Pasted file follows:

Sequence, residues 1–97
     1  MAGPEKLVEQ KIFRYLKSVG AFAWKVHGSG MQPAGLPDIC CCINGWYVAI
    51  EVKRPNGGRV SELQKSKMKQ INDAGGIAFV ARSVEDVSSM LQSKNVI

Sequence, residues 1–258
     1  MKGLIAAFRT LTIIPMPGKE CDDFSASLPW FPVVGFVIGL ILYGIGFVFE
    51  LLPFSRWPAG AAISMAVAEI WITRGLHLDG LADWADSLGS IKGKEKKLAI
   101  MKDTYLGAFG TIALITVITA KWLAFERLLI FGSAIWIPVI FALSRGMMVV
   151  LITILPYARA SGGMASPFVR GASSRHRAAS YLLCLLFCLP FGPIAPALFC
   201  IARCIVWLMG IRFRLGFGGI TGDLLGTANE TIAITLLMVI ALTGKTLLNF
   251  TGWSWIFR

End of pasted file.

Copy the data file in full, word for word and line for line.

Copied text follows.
Sequence, residues 1–97
     1  MAGPEKLVEQ KIFRYLKSVG AFAWKVHGSG MQPAGLPDIC CCINGWYVAI
    51  EVKRPNGGRV SELQKSKMKQ INDAGGIAFV ARSVEDVSSM LQSKNVI

Sequence, residues 1–258
     1  MKGLIAAFRT LTIIPMPGKE CDDFSASLPW FPVVGFVIGL ILYGIGFVFE
    51  LLPFSRWPAG AAISMAVAEI WITRGLHLDG LADWADSLGS IKGKEKKLAI
   101  MKDTYLGAFG TIALITVITA KWLAFERLLI FGSAIWIPVI FALSRGMMVV
   151  LITILPYARA SGGMASPFVR GASSRHRAAS YLLCLLFCLP FGPIAPALFC
   201  IARCIVWLMG IRFRLGFGGI TGDLLGTANE TIAITLLMVI ALTGKTLLNF
   251  TGWSWIFR